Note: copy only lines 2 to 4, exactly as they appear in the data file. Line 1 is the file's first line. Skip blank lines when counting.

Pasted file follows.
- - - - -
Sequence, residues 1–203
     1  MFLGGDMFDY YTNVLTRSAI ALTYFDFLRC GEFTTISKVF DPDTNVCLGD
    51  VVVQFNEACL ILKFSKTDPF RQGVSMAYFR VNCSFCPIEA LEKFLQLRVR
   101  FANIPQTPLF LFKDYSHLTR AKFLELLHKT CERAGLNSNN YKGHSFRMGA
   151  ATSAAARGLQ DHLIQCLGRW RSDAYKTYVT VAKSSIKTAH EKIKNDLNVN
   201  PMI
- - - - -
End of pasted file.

     1  MFLGGDMFDY YTNVLTRSAI ALTYFDFLRC GEFTTISKVF DPDTNVCLGD
    51  VVVQFNEACL ILKFSKTDPF RQGVSMAYFR VNCSFCPIEA LEKFLQLRVR
   101  FANIPQTPLF LFKDYSHLTR AKFLELLHKT CERAGLNSNN YKGHSFRMGA